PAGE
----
An outer ear infection that affects the ear canal is often the result of contaminated water entering the ear. The following HealthHearty article elaborates more on ways to treat this infection.
An outer ear infection is a condition in which the outer ear canal gets inflamed. Ear canal is a tube that starts from the outer ear and terminates at the eardrum. Also referred to as external otitis, the infection is the result of bacteria or fungus making its way into the ear canal. This infection is usually not worrisome as the swelling only affects the ear canal without causing any damage to the eardrum. As it is commonly diagnosed among swimmers, this condition is also sometimes referred to as swimmer’s ear.
The infection is bound to cause persistent ear pain. Also, the person feels like scratching the infected ear, due to the itchy sensation inside the ear canal. However, ear scratching has to be avoided, as it can aggravate the infection.
Outer ear infection can also have a negative impact on the ability to hear properly. The person may experience mild to moderate hearing loss. However, this is a temporary issue and resolves when the infection goes away. The infected ear also appears a bit heavy due to the formation of pus in the ear canal. In most cases, ear discomfort is not bothersome but a severe infection is definitely not easy to handle as the pain does not allow the person to concentrate on his day-to-day activities.
Swimming in unclean water is the primary reason why ear infections occur. A certain degree of contamination is likely to be present in swimming water. But, it should be clean enough, so that when the water accidentally enters the ear, it doesn’t cause any infection.
Shampoos entering the ear canal during a shower can also lead to this ear problem. Scratching the ear canal with contaminated fingers is another common reason behind the occurrence of this infection.
Cleaning the Ear
For the treatment to be effective, it becomes necessary to clean the ear canal. The accumulated pus has to be removed so that the medicine works and successfully eliminates the infection. The doctor may use a cotton swab or prefer a suction device to get rid of the pus.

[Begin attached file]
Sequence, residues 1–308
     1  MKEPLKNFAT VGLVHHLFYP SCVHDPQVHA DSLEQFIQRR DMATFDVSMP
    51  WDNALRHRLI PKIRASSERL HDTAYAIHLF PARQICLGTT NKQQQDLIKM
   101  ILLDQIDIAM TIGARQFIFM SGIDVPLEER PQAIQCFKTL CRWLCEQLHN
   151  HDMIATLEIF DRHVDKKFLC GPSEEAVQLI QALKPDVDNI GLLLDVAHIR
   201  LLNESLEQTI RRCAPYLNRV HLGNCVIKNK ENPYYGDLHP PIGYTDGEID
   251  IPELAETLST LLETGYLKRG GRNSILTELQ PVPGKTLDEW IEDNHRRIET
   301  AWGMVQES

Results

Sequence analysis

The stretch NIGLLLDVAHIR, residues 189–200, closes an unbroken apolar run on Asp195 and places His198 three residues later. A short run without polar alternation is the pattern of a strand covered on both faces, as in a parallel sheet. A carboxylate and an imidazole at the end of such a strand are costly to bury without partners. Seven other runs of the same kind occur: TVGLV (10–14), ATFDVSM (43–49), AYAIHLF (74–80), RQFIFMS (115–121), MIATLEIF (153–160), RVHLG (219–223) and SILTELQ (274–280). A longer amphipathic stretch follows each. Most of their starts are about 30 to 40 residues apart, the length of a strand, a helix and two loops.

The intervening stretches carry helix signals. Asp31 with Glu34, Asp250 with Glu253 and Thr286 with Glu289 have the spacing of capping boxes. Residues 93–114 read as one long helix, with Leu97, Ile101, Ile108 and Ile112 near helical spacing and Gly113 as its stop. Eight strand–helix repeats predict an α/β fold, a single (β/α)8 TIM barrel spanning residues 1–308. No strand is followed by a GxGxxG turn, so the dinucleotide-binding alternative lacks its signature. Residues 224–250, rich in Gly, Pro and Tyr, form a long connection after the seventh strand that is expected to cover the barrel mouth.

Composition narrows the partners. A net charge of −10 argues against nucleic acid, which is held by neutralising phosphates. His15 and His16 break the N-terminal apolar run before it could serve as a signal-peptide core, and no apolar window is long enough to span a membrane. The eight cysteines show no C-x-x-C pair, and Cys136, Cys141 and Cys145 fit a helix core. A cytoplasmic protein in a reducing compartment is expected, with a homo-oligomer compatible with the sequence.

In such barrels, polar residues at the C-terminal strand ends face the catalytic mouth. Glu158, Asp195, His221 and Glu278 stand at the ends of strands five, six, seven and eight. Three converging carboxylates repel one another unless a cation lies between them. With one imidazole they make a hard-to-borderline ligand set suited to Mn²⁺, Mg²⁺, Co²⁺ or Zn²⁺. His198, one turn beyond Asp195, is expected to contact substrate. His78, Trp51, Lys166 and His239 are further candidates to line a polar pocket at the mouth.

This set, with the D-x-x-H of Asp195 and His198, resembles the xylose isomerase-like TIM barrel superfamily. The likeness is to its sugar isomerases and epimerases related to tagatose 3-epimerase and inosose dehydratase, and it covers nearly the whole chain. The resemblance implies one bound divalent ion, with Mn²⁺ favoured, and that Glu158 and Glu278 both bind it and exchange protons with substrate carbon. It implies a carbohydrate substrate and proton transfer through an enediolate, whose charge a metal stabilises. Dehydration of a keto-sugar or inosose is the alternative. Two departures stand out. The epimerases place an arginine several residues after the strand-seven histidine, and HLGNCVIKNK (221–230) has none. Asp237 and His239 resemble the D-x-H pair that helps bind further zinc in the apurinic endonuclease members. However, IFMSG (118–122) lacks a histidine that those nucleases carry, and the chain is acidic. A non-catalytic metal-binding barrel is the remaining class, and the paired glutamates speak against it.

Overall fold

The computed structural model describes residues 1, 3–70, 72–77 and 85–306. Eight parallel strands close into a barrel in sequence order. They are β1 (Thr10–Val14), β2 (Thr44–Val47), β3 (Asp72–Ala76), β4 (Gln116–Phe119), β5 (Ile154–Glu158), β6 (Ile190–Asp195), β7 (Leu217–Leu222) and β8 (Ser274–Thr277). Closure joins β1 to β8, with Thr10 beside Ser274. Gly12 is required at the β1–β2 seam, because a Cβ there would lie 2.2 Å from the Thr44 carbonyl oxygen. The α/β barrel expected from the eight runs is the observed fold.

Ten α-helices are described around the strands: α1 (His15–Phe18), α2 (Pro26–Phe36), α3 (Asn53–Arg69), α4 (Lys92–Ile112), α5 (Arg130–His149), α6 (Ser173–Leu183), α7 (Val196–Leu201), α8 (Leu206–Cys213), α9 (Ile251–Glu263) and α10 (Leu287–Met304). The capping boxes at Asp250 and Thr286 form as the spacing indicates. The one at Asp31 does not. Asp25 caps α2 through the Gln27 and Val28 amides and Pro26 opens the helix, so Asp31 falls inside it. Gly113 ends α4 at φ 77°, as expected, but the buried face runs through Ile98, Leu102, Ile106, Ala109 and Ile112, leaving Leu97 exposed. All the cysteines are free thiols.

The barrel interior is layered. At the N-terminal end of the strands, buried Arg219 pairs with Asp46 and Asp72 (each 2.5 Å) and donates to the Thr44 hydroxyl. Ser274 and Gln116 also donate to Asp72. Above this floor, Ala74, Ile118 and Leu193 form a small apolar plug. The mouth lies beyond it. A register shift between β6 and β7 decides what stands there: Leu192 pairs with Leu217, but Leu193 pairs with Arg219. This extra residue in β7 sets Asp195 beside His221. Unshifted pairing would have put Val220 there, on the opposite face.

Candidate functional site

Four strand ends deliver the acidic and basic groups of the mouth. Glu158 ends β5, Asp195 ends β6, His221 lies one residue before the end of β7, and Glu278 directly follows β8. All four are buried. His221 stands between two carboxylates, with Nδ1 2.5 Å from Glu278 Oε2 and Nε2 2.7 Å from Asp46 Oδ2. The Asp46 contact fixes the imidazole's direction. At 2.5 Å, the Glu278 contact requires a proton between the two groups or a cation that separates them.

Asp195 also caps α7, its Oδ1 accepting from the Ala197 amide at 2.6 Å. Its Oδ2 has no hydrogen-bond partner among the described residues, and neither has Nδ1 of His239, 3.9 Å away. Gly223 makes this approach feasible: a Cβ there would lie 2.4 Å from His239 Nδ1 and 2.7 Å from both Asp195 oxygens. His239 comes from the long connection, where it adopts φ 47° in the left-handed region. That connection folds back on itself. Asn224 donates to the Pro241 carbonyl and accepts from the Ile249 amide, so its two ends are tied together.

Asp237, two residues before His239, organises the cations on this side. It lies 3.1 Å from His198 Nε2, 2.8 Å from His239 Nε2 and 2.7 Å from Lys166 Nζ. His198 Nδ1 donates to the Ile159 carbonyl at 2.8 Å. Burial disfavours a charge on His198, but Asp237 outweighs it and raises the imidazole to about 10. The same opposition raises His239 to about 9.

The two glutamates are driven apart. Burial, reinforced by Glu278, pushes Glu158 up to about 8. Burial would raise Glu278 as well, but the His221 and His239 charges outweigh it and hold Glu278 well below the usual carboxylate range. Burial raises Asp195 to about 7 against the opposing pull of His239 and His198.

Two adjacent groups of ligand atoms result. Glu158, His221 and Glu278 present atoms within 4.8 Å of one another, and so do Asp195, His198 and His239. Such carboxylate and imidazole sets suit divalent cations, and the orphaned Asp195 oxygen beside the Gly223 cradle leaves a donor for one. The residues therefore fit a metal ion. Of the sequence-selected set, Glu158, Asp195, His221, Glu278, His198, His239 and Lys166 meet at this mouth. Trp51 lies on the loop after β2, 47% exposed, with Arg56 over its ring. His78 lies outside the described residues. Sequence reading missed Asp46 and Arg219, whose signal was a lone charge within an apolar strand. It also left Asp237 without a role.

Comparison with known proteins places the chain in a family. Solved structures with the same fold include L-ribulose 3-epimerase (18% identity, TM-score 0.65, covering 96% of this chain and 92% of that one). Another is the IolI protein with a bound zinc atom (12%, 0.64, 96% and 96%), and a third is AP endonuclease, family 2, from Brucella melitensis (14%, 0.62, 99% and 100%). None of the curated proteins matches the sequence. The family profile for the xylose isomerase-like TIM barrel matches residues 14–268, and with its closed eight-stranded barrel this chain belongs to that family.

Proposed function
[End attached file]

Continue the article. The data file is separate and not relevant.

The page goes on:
Use of ear drops is the first line of treatment for infections that affect the outer ear. Ear drops are prescribed depending upon the type of infection. A bacterial infection responds quite well to antibiotic ear drops. On the other hand, infection caused by fungus is usually treated with antifungal ear drops. In case of a severe infection, along with ear drops an oral medication may also be prescribed. The doctor may also recommend ear drops containing steroids to decrease the swelling of the ear canal. Using acetic acid or aluminum acetate ear drops can also be a good remedy to get rid of this infection. However, doctors suggest that children less than 3 years of age should not be treated with ear drops that contain acetic acid.
A mixture that contains white vinegar and rubbing alcohol is also useful to treat this infection. In order to prepare this solution, mix these ingredients in equal parts and then with the help of sterilized ear dropper, put some drops of the mixture into the ear. White vinegar is well-known for its antibacterial properties, which helps to kill the germs.
The doctor may advise the patient to take painkillers such as paracetamol or ibuprofen to reduce the pain associated with the infection.
In order to speed up healing, one should refrain from doing activities like swimming. Water going inside the ear canal can worsen the infection and therefore one has to be careful enough to ensure that the infected ear does not come in contact with water.
This sort of ear infection can always be prevented by using safety equipment such as ear plugs that prevent water from entering the ear canal. Also, when occasionally scratching the ear gently, make sure that the hands are clean, to prevent any sort of infection. Staying away from swimming pools that are poorly maintained is also very important to keep the ear infections at bay.
Disclaimer: The information provided in this article is solely for educating the reader. It is not intended to be a substitute for the advice of a medical expert.